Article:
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Samsung owned company, Rocket Ship Apps, had uploaded Android’s newest adblocker with an open API for 3rd party developers to build in content blocking features for the pre installed Samsung browser.
However, the Play store rejected it within 3 days stating that it violated the T&C’s of the Store.
The issue show’s Google’s reluctance to allow adblocking technology to be introduced into the Android eco-system, but the plot is also further complicated by the fact that Samsung is also Android’s largest partner.
Check out the full article here
6 years after getting into advertising sales Apple is shuttering its direct sales team. Even after the company spent $275m acquiring Quattro Wireless to provide the tech which iAd is based, the iAd platform always seemed cumbersome and overtly manual in its processes in our internal tests.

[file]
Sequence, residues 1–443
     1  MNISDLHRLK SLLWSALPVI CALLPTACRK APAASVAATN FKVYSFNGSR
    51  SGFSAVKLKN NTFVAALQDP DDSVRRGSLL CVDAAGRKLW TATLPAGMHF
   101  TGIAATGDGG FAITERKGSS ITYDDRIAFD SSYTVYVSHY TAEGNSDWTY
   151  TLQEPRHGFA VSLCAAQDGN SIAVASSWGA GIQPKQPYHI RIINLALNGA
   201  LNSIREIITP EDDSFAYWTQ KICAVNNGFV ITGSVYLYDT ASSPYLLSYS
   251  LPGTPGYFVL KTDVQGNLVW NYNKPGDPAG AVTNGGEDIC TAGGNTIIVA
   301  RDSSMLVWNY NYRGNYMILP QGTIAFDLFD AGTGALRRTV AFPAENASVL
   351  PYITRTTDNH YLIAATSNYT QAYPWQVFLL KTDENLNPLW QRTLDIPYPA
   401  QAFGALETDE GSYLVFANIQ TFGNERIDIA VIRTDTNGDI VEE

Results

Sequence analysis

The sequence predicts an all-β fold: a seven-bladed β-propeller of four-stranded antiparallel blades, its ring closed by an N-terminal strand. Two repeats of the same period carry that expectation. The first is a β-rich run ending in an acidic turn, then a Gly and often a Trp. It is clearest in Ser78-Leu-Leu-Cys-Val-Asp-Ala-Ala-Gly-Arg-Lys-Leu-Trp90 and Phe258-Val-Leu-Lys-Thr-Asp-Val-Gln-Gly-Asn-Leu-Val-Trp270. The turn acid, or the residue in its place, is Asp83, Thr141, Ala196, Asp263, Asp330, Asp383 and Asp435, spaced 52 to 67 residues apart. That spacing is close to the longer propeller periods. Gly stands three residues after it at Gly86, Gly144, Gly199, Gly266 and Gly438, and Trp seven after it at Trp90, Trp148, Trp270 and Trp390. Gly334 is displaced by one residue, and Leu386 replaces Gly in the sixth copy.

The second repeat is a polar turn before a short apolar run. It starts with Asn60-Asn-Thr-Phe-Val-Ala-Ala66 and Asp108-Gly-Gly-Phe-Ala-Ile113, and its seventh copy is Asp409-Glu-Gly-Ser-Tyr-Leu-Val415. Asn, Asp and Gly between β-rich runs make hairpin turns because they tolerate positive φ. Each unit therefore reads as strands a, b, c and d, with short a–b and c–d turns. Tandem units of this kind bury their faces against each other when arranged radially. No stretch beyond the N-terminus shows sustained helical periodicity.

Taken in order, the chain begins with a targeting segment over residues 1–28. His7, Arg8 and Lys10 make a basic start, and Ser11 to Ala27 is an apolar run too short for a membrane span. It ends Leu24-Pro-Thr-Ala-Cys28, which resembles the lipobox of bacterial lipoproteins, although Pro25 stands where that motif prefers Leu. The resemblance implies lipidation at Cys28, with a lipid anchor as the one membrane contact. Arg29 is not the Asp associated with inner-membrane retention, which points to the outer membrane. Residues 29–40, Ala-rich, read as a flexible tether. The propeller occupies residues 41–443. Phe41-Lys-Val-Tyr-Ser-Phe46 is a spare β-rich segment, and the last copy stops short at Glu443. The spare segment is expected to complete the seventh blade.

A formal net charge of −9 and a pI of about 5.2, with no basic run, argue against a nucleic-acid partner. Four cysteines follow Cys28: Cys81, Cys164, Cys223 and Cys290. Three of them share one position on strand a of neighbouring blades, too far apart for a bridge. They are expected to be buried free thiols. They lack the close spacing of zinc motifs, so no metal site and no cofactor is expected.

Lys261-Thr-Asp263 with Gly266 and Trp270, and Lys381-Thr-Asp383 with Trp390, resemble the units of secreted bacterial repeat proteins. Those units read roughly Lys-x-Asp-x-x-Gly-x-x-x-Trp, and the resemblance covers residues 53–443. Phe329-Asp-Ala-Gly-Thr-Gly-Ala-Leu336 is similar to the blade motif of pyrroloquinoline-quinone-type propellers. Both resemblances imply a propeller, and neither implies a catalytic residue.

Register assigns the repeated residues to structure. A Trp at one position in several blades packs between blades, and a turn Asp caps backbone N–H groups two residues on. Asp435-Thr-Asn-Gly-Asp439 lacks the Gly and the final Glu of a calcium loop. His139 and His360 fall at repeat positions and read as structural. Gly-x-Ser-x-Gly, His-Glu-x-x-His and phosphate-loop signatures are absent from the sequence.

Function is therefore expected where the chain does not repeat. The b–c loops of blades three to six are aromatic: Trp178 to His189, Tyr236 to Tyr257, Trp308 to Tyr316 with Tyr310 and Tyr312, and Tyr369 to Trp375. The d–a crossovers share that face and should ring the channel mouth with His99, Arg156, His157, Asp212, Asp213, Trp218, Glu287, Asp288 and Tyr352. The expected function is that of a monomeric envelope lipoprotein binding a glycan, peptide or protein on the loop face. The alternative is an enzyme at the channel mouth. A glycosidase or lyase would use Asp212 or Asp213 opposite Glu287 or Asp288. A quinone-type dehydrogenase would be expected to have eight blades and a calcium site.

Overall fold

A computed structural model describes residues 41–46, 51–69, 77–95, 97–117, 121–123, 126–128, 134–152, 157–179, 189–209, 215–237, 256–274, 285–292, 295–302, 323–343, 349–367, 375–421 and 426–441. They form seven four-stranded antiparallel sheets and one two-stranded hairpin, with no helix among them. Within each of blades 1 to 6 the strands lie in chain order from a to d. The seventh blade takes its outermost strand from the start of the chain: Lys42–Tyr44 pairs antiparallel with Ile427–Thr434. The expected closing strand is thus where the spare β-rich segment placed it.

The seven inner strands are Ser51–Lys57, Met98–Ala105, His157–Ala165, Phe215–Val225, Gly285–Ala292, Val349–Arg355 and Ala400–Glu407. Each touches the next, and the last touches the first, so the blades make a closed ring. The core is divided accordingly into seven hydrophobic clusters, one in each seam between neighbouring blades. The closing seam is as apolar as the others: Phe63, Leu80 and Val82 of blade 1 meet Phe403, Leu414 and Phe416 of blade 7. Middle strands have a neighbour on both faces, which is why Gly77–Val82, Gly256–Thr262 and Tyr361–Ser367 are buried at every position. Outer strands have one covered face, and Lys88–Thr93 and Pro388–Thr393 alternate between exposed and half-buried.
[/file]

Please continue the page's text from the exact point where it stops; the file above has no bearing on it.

This is reflected in the success iAd has had in the marketplace. According to eMarketer Apple had owned less than 6% of the display ad market versus platforms like Facebook (37%) and Google (10%).
It’s by no means the end of Apple in advertising. As both the hardware and software owner they control the ad ecosystem on their platform. As such we expect that they will look to open up thier inventory to more programmatic channels that can handle the ad buys at scale meaning apple doesn’t have to get its hands dirty in the jungle which is direct ad sales.
Check the out the article here
“Change is neither good or bad. Change just is.” (–Don Draper)
Below I’ve distilled my thoughts on what I think is next for the mobile performance marketing industry as we enter 2016.